As Instagram culture booms, people have the option to either build each other up or tear each other down. For Elyse Fox, 27, the social media platform was an opportunity to influence positive change.
Fox, a social media associate in New York City, has struggled with depression since she was a teenager. After a cross-country move and a big break up, Fox decided to face her struggles head on by creating a community called Sad Girls Club — and she did this through Instagram.
“I was experiencing a lot of depression and solitude just trying to figure out life,” Fox told TODAY. “So I decided to make something for other people like me.”
Since launching in February, the Instagram account has gained over 16,000 followers — a number that Fox finds inspiring. The account posts content that has been submitted by its followers — always accompanied by an inspirational message.
“I ask girls to submit their artwork or whatever their release is for their mental health,” said Fox. “I just want to give everyone a platform where they can feel like they’re heard.”
After receiving such a great response to these posts, Fox decided to start planning meetings that would allow young girls with similar experiences in dealing with depression to come together and support one another. Fox then reached out to psychotherapist Shira Burstein to ask if she would be interested in supporting this movement, and she was.
“I had one girl who came to a meeting — she was the youngest that we’d had at that point,” said Fox. “She was 16 and said that she had been looking for something like this for years.”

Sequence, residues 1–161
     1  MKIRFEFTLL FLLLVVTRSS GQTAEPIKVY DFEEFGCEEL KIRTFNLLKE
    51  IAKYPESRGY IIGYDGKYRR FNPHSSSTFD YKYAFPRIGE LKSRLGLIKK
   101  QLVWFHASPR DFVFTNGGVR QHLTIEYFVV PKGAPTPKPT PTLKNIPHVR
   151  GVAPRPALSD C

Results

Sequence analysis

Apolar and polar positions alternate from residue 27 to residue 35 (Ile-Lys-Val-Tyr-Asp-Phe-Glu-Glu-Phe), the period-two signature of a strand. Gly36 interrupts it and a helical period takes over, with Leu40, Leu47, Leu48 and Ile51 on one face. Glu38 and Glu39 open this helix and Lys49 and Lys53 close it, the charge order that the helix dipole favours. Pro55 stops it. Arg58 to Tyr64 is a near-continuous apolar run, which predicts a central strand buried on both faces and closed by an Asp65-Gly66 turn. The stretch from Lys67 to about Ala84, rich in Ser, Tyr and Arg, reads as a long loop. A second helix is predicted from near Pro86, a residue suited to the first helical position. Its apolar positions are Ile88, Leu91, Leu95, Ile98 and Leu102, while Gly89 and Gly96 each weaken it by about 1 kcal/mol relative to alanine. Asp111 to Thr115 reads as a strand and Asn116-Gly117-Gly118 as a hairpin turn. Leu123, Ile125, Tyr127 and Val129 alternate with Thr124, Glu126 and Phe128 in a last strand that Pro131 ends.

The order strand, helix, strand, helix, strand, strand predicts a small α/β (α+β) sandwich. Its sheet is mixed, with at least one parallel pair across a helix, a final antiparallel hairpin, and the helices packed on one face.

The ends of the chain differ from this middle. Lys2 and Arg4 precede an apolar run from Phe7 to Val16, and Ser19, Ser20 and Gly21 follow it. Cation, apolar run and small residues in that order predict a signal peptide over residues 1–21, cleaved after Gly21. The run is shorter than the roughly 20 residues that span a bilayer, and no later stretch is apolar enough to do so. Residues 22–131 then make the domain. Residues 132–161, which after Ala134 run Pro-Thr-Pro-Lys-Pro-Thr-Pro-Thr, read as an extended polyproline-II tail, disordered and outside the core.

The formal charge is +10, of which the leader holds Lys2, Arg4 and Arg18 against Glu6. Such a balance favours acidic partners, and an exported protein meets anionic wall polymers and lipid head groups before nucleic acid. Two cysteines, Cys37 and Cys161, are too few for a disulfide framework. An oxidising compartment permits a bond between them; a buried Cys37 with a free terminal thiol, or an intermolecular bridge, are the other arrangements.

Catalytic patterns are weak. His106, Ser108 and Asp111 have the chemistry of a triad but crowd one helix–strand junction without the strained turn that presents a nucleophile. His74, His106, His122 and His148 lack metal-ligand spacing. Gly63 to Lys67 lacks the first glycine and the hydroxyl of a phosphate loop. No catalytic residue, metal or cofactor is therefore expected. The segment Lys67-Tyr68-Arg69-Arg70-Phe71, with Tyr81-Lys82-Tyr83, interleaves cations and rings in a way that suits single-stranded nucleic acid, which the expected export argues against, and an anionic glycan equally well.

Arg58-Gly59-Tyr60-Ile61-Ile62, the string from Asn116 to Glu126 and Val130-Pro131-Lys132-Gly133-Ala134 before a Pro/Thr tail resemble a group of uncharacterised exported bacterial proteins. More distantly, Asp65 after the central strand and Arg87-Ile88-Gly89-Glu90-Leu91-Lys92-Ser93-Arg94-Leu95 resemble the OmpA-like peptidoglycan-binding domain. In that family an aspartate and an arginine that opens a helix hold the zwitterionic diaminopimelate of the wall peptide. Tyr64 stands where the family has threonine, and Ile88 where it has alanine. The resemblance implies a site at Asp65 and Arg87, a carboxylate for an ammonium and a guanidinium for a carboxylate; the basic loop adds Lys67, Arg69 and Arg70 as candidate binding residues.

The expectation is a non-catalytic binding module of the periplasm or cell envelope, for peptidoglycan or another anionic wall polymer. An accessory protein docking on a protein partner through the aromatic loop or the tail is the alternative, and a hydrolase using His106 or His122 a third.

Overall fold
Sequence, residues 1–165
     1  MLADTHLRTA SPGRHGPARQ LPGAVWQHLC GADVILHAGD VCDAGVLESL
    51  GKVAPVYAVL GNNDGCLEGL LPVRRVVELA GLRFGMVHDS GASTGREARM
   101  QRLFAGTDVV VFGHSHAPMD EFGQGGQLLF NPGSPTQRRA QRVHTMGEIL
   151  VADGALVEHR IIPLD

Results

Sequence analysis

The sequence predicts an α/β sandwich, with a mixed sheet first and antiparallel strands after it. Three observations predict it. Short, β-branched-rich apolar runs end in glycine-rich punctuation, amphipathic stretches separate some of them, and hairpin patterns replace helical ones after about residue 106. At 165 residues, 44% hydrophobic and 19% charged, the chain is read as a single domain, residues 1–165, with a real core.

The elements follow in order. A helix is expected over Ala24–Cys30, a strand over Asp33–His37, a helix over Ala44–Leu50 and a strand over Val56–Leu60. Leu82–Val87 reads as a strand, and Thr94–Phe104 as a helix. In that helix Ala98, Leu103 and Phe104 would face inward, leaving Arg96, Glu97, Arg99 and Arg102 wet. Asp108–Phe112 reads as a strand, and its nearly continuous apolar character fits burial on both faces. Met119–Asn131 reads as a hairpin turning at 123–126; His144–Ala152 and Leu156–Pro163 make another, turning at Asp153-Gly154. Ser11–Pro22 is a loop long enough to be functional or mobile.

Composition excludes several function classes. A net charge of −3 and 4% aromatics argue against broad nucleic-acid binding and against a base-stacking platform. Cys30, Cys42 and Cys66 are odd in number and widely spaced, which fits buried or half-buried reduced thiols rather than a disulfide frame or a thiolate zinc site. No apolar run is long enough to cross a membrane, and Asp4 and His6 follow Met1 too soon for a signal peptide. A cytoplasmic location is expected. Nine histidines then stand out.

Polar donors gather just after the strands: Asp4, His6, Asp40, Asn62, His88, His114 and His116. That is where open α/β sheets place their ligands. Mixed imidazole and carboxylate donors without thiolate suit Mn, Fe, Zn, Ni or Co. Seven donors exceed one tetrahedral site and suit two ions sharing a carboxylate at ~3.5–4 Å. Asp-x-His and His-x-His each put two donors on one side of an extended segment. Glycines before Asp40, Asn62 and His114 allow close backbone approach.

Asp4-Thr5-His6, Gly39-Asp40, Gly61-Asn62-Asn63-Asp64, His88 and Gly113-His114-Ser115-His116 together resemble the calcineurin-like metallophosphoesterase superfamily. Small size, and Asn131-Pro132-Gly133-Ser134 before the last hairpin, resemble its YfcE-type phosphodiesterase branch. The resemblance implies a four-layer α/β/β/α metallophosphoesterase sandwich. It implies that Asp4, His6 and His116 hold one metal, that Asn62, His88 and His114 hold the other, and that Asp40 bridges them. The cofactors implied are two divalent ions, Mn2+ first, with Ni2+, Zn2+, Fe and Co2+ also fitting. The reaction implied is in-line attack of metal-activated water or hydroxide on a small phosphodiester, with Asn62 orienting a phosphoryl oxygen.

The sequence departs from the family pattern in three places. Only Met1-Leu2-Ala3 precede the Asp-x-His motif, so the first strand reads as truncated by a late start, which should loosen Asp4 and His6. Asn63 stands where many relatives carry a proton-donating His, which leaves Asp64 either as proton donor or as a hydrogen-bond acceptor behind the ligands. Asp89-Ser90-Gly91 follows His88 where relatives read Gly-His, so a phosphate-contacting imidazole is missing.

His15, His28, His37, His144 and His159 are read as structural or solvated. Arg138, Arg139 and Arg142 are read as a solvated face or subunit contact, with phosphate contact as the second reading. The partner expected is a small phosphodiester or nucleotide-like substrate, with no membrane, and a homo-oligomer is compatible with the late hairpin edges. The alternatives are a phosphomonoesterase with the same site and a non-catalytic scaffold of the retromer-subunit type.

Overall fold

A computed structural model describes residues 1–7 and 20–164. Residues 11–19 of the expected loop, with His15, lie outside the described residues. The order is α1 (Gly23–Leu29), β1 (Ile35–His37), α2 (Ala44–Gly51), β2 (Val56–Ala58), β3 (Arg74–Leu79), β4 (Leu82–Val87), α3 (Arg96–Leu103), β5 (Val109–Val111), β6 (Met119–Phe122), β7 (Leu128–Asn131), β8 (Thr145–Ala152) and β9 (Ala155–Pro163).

The meetings feature hosts who speak about the ways in which they deal with their own depression. For the first meeting, the club hosted an open-mic night where members could read poetry or essays in the company of their peers.
“Basically we were all gathered in this really cool space,” Emily Odesser, 16, told TODAY. “We all got up and read our poem — mine was about my relationship with depression and anxiety.”
Since that first meeting the club has learned from an art therapist who led an activity in Bryant Park, tried meditation and participated in an activity that let members express their concerns anonymously and talk through them as a group.
“These events are not only fun, but they allow us the opportunity to artistically express ourselves,” said member Danielle Pope, 28. “I really love how Sad Girls Club creatively gets the conversation going about mental health.”
The Sad Girls Club followers are truly engaged with the content. The comments section of each post are inspiring and uplifting. Just as Fox intended, it really feels like a community.
“I just want people to understand that having a mental illness isn’t a negative thing,” said Fox. “I think people assume that depression has a certain face or personality, and I’m here to say that it doesn’t.”